The Student News Site of Tarrant County College

The Collegian

The Student News Site of Tarrant County College

The Collegian

The Student News Site of Tarrant County College

The Collegian

Learning, attention disabilities illustrated

By Brittany walker/reporter

Approximately 15 percent of people have attention or learning disorders, a NE Campus counselor told South Campus students Sept. 1.

Anita Peters explained the different types of learning disabilities or attention disorders and the importance of knowing what they are during a student success seminar, What Is a Learning Disorder?

Attention disorders are caused by biological reasons involving the frontal lobe of the brain while learning disabilities have to do with “our hard wiring,” Peters said.

Those who have attention disorders are often inattentive or impulsive and tend to procrastinate and forget things.

This type of disorder “interferes with daily functioning,” she said.

Peters provided ways to conquer attention disorders.

“Before you study, go work out,” she said.

Although tests for attention disorders do not exist, Peters said one can be diagnosed by a specialist.

To illustrate life with learning disabilities, Peters asked students to “imagine a world that spoke only German.”

For those who do not speak German, life would be difficult. Simple tasks such as reading and writing would no longer be so simple.

Peters said learning disabilities do not stem from mental retardation or an emotional disorder. Instead, they have to do with how individuals take in, process and express information.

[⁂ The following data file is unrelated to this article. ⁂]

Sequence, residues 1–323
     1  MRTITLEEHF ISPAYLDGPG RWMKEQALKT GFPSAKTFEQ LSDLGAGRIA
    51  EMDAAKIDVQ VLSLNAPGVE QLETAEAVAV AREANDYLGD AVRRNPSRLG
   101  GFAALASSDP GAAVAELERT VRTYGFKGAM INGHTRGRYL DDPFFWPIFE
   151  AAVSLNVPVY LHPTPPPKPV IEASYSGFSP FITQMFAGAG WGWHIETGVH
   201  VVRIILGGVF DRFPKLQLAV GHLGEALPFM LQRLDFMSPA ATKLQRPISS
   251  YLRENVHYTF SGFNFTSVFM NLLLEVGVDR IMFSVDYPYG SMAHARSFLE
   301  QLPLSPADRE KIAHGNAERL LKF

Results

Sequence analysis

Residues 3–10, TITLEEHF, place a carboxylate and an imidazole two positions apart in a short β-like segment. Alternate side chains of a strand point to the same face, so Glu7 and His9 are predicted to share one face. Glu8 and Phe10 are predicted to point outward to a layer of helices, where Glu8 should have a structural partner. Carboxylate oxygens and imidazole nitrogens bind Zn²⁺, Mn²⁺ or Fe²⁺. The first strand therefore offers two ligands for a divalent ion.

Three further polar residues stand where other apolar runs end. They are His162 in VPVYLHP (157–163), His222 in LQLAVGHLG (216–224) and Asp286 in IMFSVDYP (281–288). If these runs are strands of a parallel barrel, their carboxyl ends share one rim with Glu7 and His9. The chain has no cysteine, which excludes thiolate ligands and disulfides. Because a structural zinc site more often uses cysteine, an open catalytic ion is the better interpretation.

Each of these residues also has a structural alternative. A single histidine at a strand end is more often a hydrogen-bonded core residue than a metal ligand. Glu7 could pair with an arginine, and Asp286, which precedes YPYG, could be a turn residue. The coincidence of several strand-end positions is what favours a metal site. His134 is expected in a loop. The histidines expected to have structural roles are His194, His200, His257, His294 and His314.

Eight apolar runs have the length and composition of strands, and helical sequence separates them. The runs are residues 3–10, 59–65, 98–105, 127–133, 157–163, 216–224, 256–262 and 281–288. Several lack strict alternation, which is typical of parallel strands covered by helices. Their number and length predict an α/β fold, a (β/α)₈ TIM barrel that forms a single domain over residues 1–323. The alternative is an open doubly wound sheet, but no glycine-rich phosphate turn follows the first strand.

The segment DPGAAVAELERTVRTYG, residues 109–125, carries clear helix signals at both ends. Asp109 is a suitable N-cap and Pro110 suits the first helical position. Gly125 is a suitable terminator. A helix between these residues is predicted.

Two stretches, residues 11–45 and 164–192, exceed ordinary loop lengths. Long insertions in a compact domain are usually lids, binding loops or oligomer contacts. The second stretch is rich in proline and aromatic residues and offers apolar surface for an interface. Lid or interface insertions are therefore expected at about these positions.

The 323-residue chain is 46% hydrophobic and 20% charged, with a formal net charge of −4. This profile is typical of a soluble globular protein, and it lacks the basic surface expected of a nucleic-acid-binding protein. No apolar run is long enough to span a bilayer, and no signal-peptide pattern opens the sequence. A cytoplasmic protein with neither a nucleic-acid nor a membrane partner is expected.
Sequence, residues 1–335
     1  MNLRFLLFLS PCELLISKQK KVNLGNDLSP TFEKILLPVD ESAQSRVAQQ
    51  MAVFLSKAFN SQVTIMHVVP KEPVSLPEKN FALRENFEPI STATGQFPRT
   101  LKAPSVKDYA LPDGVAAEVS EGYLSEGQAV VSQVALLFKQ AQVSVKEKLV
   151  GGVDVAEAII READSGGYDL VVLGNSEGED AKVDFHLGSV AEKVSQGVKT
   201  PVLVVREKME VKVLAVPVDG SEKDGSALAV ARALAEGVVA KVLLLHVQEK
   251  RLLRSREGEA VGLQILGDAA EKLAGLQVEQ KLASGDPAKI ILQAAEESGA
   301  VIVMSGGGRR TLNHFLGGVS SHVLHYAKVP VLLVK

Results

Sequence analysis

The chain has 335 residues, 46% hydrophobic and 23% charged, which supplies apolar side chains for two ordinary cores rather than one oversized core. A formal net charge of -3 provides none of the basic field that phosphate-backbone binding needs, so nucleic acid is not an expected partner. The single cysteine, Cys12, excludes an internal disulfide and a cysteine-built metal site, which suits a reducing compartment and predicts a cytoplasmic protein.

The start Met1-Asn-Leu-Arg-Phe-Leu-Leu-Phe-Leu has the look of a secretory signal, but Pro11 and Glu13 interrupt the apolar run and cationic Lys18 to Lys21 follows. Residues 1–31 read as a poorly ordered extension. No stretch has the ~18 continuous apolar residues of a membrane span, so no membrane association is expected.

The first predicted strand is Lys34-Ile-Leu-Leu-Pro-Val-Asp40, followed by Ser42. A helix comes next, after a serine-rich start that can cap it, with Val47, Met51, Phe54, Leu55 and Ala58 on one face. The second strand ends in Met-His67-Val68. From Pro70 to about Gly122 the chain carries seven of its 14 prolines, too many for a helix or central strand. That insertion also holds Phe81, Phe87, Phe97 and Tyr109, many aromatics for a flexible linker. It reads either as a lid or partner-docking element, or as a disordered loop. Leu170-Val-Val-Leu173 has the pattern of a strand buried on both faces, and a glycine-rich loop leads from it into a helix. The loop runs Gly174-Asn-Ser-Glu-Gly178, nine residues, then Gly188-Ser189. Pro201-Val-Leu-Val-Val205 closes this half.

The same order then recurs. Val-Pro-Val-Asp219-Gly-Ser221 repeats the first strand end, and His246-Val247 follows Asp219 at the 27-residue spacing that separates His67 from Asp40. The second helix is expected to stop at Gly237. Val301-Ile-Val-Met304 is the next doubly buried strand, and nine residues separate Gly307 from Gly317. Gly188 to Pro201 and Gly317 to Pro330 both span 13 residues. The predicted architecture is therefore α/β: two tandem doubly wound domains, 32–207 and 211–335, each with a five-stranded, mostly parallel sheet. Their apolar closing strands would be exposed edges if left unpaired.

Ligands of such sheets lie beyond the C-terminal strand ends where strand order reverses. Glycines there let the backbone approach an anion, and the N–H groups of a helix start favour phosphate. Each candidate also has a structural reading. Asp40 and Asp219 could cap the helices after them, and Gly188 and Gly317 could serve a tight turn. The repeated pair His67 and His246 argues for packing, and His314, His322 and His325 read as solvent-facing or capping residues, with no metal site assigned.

Learning disabilities have no cure, Peters said.

“They don’t go away,” she said.

However, certain learning strategies can help students with learning disorders.

With hard work and perseverance, anyone can conquer learning disorders, Peters said.

Famous figures such as Albert Einstein, Walt Disney, Whoopi Goldberg and Henry Ford have struggled with them.

South Campus student Jada Joblin, who has a learning disability, said she often struggles with math.

“It’s like everything jumbles in my mind,” she said.

She was not aware of her learning disability until she met with Peters who then suggested she be tested.

Now that Joblin has the knowledge of her learning disability, she said she can more easily cope with it.

“Different equals different,” Peters said, “not better than, worse than, inferior or superior.”

She said people have their own genetic makeup, and everyone has a different way of learning. Peters said it is important to educate others and to encourage those who have learning disorders to seek help.

For more information, students can visit the Disability Support Services office on their campus.

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